In robot mode, the toy replicates the 'conehead' look the character had in cartoon and comic. I like the understated colour scheme of white and grey, but I'm not so sure about the gold. Mind you, it's not terrible, Ramjet has been in ill served in the last few years (Universe Ramjet, I'm looking at you). Because the wings form part of Ramjet's legs rather than his back, Ramjet actually has a better range of movement than Starsream. I'll quickly mention the missile launchers. The missiles are obviously meant to evoke the bombs that came with the original Ramjet toy, and work reasonably well in jet mode. They look pretty awful in robot mode. It would have been nice if Hasbro could have supplied a pair of the cannons from Starscream (and vice versa), so that the missiles could be changes for each mode.
Is this an improvement on the 'standard' version of the mould? No.

The Locomotion

Trains and Transformers do not mix. Don't believe me? Count the number of Transformers you own that change into trains. Yep, that's right. Not very many. While the Japanese love the things, here in the west trains seem to get a rough ride. If you want to ride on one (in the UK), you have to pay a small fortune, so that you can stand for the majority of the journey, and the chances are that the rail network doesn't even go to the place you want to visit. Japan, of course, has the bullet train.

Given the popularity of trains in Japan, it's no surprise that they crop up every now and then, but as a rule train Transformers are a little disappointing. Japan got a whole special team that combined to form Raiden, but I'm not sure anyone but completists really missed out. There was a Japanese Micromaster combiner team that made it to the western world during the Unicron Trilogy years, and again, they weren't much kop. And then there's Rail Racer, from Robots In Disguise. Rail Racer, I must admit, is probably my favourite 'combiner,' but the three individual toys aren't the best. This leaves Astrotrain. The first Triple-Changer I ever owned, Astrotrain always had a special place in my heart. Unusually for a Triple-Changer, both shuttle and train modes were pretty convincing. So, when it was revealed that Astrotrain would appear in the Classics line, I was pleasantly surprised.
First of all; shuttle mode. The more successful of Astrotrain's alternate modes. First of all, it looks, generally speaking, like a space shuttle. Always a good start. On the plus side, there's a retractable nose wheel, and a place to store Astrotrain's rifle on the underside of the shuttle. On the downside... Well, where to start? There's the tiny tail (at least there's a logical reason for that), there's superfluous wheels everywhere, and there's two halves of a train whacked onto the side of the shuttle. If your feeling generous (and I am), you can imagine that these chunks of train are, in fact, fuel tanks. If you're feeling generous. Bare in mind that this is far better than the train mode.
I don't like to criticise unduly, after all, I'd be pretty damn hopeless at designing toys. But, is this a train? No. It's a random selection of bits of space shuttle, folded into a rectangle, with the front of a bullet train stuck on the front. This is, by far, the worst Transformers alt-mode in a very, very long time. In my opinion it's worse than Universe Octane (look out for that review...). Personally, I'd rather have had an 'Astro' without the 'Train.' but then, it'd have been Blast Off.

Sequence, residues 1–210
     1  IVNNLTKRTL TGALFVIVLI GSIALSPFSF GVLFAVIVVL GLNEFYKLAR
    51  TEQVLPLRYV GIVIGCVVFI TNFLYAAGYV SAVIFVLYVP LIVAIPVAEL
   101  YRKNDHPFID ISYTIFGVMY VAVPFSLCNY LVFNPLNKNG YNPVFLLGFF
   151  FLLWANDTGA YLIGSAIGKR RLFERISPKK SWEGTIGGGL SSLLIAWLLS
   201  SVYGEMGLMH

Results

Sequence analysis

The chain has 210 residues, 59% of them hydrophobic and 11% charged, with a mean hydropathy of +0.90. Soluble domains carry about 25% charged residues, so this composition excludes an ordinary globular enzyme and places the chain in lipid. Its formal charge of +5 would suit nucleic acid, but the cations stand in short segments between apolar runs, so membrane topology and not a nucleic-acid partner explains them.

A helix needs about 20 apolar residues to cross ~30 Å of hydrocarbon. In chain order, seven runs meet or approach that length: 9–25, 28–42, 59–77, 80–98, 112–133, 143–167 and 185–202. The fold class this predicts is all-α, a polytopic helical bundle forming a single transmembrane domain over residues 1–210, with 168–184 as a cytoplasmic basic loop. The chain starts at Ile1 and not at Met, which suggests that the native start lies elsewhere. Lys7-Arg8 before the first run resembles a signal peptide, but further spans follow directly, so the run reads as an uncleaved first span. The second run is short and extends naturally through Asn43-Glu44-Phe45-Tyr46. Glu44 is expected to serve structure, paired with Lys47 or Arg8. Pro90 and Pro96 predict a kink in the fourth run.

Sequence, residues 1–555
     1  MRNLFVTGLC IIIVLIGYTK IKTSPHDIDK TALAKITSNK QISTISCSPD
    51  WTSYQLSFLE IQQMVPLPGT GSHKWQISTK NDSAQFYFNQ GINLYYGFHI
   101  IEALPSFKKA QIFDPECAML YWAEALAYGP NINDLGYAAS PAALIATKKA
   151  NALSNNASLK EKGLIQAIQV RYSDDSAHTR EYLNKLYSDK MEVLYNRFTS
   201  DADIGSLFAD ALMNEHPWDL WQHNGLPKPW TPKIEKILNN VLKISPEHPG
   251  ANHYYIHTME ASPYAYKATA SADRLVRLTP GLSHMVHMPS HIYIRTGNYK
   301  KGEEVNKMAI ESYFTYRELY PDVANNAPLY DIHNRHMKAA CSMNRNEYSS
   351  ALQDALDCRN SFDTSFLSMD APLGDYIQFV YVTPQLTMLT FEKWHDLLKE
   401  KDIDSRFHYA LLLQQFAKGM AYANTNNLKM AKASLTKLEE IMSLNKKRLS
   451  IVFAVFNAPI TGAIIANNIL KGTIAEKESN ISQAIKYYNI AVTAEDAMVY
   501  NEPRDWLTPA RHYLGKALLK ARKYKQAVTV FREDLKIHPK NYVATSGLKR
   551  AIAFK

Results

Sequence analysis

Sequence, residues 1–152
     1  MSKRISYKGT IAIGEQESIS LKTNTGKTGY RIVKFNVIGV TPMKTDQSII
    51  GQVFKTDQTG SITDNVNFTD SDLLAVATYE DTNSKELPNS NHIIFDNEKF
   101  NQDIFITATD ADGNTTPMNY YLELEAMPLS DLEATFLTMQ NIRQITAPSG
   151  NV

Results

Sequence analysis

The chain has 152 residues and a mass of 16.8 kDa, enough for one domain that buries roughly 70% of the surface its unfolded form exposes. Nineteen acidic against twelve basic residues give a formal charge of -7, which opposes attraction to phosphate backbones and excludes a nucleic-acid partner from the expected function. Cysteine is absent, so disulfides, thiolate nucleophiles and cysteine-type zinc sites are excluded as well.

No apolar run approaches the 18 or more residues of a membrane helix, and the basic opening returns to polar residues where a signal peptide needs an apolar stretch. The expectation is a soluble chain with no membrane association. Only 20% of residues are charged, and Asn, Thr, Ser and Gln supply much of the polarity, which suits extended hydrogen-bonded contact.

Last, but by no means least, the robot mode. Which is great. I really, really, like Astrotrain's robot mode. It moves the toy from being average to quite good. I like the way the train mode kibble becomes arm shields and shoulder pads. I like the nods to the old Astrotrain - wings where they should be, rocket boosters as a back pack and the chest shield (that stunted tail was worthwhile after all). Astrotrain has a great range of movement, with 13 points of articulation, allowing some fantastic poses. And, unlike a lot of Classics/Universe figures, Astrotrain is armed with a good-looking rifle. Not a pistol, a RIFLE!. Not enough Transformers come with a big gun. It's a fact.
I must close this review by admitting that, in spite of the drawbacks mentioned above, I like this toy. It is certainly my favourite Decepticon from the Classics line (mind you, there weren't many to choose from), and including Universe, gives Cyclonus a run for his money.

Sunday, 5 April 2009

'Con'-fide in me

King Grimlock is back for a Kermodian review of Dropshot.

"I'm back once again with the ill behaviour! Yeah.... right, for my second review I'm going to step firmly into the current Classics 2.0/Universe/25th Anniversary series. Following on from the success of classics, Hasbro decided that they hadn't milked the cash cow quite enough and produced another filler line, but this time, they had a cunning plan. Repaints! Endless miles of repaints! Hmm, but how, asked a naive apprentice working his first and probably last day at the company, but how can we get the normally savvy Transformers fan base to accept these repaints as their favourite characters without them fragging us endlessly on forums? Well, replied the line manager, we won't have them as their favourite characters, we'll do them as....... Micromasters! Micromasters? Yeah, Micromasters, no one will remember what they originally looked like, or which faction they represented! Brilliant, roll out those boxes boys, I've just made us another million....